Mrs Robinson’s Disgrace by Kate Summerscale

Consider, if you will, a Victorian drama in two acts.

In the first act Isabella Robinson, the unhappy wife of an uncaring husband, began to keep a diary. She wrote of her friendship with the Lane and Drysdale families, who clearly understood her situation and offered her friendship and support. Doctor Edward Lane, the husband of her friend Mary, was everything that her own husband was not. Isabella was drawn to him, attracted to him, and she was prepared to act. He, diplomatically, keeps her at arm’s length.

Isabella considered other possibilities, other men, who might fill the gap in her life. Eventually it was Edward who succumbed to her. Just for a few, short weeks. He realised that the risk to his reputation, his family, his career was too great.

And that might have been and end to it. But Isabella fell ill, and her husband went to her desk and broke the lock, looking for money. He found the diary, he read his wife’s words, and he was appalled.

And so the curtain fell on the first act.

It could have been fiction, in many places it read like fiction. But it was truth. Or at least one woman’s interpretation of the truth.

The second act was very different.

Henry Robinson was determined to cast off his wife, and to have revenge at any price. he takes the diary and offers it, first to an ecclesiastical court and then to a law court, as evidence of his wife’s adultery and degeneracy.

Kate Summerscale follows the details of both cases, and steps outside the story too. To highlight the horrible inequalities of men and women under the law. To consider the question of whether a diary can prove, should be used to prove, anything. To tell the stories of other, contemporary divorce cases. And to offer up examples of the many fictional diaries of the period.

It was all fascinating, it was all set out without a hint of prejudice, but the second act couldn’t quite hold me the way the first act had.

That might have been because I knew the period and the law too well. It might have been because I realised from the start that whoever won the case the lady’s reputation would be ruined while the men would be free to move on.

But I think that it was because I missed Isabella’s voice.

It would be easy to say that she was foolish, and maybe she was. But she was also a bright, creative woman, who had no freedom, no legal standing, and no outlet except that diary. She wrote that she wanted to leave her husband, but that she couldn’t because then her sons would be lost to her. Her words might have been honest reportage, or they may have been lurid imaginings, but she kept them to herself.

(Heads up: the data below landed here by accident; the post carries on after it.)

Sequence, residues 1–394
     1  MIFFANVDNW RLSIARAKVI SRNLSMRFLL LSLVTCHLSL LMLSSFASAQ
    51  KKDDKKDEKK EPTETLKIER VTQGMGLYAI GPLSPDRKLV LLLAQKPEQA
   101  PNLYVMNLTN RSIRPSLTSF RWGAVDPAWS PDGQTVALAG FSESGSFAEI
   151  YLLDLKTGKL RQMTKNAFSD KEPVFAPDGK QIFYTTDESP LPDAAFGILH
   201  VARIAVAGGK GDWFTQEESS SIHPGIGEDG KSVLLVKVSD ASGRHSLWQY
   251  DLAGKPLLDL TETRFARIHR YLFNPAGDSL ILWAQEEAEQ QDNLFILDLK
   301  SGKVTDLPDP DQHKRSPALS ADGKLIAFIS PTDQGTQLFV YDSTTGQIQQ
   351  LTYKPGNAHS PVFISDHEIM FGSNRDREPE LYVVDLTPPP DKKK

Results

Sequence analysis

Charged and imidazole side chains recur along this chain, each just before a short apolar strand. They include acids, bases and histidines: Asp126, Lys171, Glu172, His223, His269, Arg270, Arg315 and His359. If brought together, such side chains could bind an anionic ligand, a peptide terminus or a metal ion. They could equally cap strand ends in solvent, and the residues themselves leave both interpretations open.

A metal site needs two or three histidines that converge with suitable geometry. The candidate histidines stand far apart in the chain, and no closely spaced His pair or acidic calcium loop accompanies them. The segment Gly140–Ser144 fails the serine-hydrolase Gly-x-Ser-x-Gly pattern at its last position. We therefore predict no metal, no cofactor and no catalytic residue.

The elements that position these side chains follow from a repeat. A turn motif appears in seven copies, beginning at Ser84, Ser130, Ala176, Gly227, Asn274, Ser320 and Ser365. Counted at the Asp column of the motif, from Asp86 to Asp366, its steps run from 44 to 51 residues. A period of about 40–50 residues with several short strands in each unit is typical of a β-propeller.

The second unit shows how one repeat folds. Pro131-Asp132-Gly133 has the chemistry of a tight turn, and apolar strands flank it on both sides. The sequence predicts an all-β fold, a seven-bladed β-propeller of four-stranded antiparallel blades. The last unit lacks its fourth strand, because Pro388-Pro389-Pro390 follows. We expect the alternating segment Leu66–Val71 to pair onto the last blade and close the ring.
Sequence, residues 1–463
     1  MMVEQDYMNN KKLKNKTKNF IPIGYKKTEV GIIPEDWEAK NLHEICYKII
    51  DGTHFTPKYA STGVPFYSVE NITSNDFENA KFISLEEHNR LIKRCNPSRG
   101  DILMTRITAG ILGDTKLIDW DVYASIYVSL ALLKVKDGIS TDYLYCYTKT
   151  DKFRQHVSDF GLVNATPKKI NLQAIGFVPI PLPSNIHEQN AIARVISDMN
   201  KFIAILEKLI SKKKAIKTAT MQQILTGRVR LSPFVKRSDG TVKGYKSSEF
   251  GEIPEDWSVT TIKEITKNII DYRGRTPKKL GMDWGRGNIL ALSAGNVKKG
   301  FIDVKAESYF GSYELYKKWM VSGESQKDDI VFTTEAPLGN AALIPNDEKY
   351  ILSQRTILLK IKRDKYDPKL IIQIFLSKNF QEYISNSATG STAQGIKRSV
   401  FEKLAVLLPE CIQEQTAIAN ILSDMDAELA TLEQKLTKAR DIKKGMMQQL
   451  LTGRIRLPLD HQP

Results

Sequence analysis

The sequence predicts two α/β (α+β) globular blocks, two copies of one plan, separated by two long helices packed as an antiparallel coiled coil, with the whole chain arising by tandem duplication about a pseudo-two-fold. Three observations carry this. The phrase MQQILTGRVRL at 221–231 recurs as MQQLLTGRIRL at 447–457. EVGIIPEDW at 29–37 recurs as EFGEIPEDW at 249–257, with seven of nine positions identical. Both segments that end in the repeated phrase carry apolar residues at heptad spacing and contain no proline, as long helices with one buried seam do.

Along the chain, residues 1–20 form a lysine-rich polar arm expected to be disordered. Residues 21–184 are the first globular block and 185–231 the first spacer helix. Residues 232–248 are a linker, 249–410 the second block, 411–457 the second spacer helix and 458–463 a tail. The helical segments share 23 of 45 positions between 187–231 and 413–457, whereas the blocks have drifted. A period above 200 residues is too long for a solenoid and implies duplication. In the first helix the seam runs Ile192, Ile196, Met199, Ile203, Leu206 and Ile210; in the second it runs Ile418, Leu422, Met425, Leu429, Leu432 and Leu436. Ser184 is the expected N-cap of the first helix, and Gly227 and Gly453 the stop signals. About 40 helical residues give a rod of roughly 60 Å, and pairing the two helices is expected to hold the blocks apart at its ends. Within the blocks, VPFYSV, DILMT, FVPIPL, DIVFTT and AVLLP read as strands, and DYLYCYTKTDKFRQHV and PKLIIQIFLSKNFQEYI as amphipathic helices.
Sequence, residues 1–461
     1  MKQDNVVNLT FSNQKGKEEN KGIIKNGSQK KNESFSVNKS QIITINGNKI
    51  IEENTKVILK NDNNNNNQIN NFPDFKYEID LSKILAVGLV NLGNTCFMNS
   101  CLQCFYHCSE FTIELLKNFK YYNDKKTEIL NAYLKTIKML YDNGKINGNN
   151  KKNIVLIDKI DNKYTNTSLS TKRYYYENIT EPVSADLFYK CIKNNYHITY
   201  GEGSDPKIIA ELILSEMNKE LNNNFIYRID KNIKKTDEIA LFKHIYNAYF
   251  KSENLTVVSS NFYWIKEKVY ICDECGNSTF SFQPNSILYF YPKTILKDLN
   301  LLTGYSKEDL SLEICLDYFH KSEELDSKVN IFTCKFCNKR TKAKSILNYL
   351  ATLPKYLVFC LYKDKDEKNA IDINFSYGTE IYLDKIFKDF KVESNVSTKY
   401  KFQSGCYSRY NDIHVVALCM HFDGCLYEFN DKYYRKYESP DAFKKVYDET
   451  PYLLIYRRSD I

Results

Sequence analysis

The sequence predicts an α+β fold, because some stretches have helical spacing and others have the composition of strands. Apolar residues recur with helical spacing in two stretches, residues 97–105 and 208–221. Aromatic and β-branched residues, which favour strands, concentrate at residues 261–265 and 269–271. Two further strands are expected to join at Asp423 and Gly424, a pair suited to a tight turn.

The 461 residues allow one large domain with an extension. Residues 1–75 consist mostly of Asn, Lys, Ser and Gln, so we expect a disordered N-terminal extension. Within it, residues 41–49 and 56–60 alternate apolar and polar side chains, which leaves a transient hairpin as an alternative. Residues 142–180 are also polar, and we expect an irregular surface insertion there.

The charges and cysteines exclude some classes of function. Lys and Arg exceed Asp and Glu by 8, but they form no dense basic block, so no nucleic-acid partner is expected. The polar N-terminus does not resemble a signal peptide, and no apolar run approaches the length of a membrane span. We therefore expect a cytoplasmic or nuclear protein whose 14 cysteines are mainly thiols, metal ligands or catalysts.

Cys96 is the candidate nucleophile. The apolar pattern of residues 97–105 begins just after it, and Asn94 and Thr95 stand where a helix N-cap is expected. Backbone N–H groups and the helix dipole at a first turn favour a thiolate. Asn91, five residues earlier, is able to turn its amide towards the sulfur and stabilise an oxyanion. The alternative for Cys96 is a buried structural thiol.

How could you not feel for her?

I just wish her story had been structured a little differently, to avoid the contrast between the two acts that jarred a little.

And I wish the subtitle ‘The Private Diary of a Victorian Lady’ had been dispensed with. It gives a rather misleading impression, particularly since the diary itself has not survived and a much bigger story is being told here.

This is a very good book, a very well researched book, a very readable book … but it couldn’t quite live up to its subject matter.


It was Jo’s idea – celebrate the first six months of the reading year by putting six books into each of six categories.

Not quite as easy as it looks. I’ve tweaked the categories to suit my reading style, and because I wanted to push disappointments to one site and simply celebrate some of the books many I have loved. And I’ve done it!


Six Books that took me on extraordinary journeys

The Harbour by Francesca Brill
A Lady Cyclist’s Guide to the Kashgar by Suzanne Joinson
The Unlikely Pilgrimage of Harold Fry by Rachel Joyce
The Fever Tree by Jennifer McVeigh
The City of Beautiful Nonsense by E Temple Thurston
The House on Paradise Street by Sofka Zinovieff


Six books that took me by the hand and led me into the past

The Little Shadows by Marina Endicott
The Dovekeepers by Alice Hoffman
The Last Summer by Judith Kinghorn
The Colour of Milk by Nell Leyshon
Tom-All-Alone’s by Lynn Shepherd
The Painted Bridge by Wendy Wallace


Six books from the past that drew me back there

The One I Knew the Best of All by Frances Hodgson-Burnett
A Burglary by Amy Dillwyn
The Frailty of Nature by Angela Du Maurier
Harriet by Elizabeth Jenkins
The New Moon With the Old by Dodie Smith
As It Was & World Without End by Helen Thomas


Six books from authors I know will never let me down

The L-Shaped Room by Lynne Reid Banks
The Murder at the Vicarage by Agatha Christie
Closed at Dusk by Monica Dickens
Monogram by G B Stern
Palladian by Elizabeth Taylor
In the Mountains by Elizabeth Von Arnim


Six books I must mention that don’t fit nicely into any category

Shelter by Frances Greenslade
Still Missing by Beth Gutcheon
When Nights Were Cold by Susanna Jones
Alys, Always by Harriet Lane
The Roundabout Man by Clare Morrall
Diving Belles by Lucy Wood


Six Books I started in the first six months of the year and was still caught up with in July

The Young Ardizzone by Edward Ardizzone
The Deamstress by Maria Dueñas
Greenery Street by Denis MacKail
Mrs Robinson’s Disgrace by Kate Summerscale
The Warden by Anthony Trollope
White Ladies by Francis Brett Young


Do think about putting your own sixes – it’s a great way of perusing your reading, and I’d love to read more lists.